Upright cotyledons can give the embryo a torpedo shape, and by this point the suspensor is degenerating and the shoot apical meristem and room apical meristem are established. These meristems will give rise to the adult structures of the plant upon germination. Further growth of the cotyledons results in the torpedo and walking-stick stages. At this point, embryogenesis is arrested, and the mature seed dessicates and remains dormant until germination.
from Susan Singer
In the following
the descendants of the apical cell are shown in yellow, and the
of the basal cell are shown in pink.
A large amount information on cell division patterns and organogenesis during embryo development has been accumulated based on descriptive studies. However, in order to reveal the mechanisms underlying the pattern formation during plant embryogenesis, one needs to experimentally perturb this process. Two approaches, experimental embryology and genetic dissection, have been used for this purpose. Because plant embryos are not easily accessible (they are developing within the ovule of the maternal parent), experimental embryology has relied on somatic embryogenesis - formation of embryos from adult cells in tissue culture . However, this approach is problematic since a high proportion of abnormal embryos occur quite often in tissue culture.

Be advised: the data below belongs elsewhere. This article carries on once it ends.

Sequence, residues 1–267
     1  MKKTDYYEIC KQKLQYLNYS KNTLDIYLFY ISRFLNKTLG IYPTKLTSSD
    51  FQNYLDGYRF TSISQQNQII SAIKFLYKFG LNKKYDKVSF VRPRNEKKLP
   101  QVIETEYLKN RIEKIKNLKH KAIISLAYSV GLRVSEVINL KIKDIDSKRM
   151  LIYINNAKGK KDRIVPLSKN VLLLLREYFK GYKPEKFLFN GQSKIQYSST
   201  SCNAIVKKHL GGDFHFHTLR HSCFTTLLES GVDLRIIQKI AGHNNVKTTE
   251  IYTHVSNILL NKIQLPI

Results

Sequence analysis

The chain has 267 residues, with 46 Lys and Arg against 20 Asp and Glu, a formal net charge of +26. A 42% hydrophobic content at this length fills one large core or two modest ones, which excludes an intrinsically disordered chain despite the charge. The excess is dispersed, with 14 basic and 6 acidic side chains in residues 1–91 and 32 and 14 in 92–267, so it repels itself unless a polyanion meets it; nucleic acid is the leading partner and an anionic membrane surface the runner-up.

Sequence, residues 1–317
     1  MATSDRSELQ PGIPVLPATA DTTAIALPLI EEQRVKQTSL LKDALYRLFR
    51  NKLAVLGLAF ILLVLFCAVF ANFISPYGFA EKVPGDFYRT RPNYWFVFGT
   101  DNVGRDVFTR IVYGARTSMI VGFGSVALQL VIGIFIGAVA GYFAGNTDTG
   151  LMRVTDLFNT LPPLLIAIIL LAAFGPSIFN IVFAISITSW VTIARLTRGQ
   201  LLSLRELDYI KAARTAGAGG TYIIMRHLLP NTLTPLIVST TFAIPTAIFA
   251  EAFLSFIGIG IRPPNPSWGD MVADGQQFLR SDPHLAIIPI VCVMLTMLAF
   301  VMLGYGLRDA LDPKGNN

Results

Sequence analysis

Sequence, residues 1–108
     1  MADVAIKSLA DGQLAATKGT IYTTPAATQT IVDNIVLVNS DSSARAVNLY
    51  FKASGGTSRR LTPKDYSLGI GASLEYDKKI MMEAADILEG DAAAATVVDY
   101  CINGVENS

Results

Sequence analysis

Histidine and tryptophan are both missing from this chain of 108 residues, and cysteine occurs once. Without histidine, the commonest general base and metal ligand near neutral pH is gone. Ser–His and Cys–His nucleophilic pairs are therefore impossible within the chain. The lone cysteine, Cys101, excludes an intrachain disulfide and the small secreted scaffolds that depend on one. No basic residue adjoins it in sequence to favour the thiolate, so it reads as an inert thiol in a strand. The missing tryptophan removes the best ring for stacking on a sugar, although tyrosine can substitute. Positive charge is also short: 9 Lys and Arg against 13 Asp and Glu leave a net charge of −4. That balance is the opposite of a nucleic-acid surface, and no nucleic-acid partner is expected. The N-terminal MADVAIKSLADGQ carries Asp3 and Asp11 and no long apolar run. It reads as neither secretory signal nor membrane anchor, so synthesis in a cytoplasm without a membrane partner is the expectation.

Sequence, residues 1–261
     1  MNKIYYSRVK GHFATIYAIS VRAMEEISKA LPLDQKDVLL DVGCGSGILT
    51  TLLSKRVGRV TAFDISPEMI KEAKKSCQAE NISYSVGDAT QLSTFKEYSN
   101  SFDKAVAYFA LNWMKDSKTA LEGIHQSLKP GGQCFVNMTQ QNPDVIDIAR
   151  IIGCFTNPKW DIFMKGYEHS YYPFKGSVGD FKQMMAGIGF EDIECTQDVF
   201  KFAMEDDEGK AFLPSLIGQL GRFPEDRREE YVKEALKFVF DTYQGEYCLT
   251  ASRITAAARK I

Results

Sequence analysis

In the past
scientists have been attempting to genetically dissect the mechanisms
plant embryo pattern formation. This approach relies on the isolation
characterization of mutants which are defective in this process,
using the model plant Arabidopsis thaliana.
from Detlef Weigel
identified that result in changes in the establishment of the
pattern (organization of organs along the apical-basal axis) and
the radial pattern (organization of the three basic tissue systems - dermal,
ground, and vascular).
from Chun-Ming Liu
Arabidopsis mutant seedlings were identified that showed a loss or distortion of the root, hypocotyl or cotyledon regions. These defects are presumed to result from defects during embryogenesis. These mutants were then placed into the following major classes:
mutants lacking body segments along the apical-basal axis. This class includes gurke (gk), fackel (fk), monopterous (mp), and gnom (gn).
mutants with disturbed radial symmetry - alterations of the radial pattern of tissue layers. This class includes knolle (kn) and keule (keu).
mutants with disrupted organogenesis - these mutants have grossly abnormal overall shapes, but have all of the pattern elements along the apical-basal and radial axes. This class includes fass (fs), knopf (knf), and mickey (mic).
Images of these
shown below, with a wild type (wt) Arabidopsis seedling for
from Jim Haseloff
Arabidopsis mutants with defects in the apical-basal pattern can be further classified based on the PART of the seedling that is missing, analagous to the gap mutants of Drosophila.
from Jim Haseloff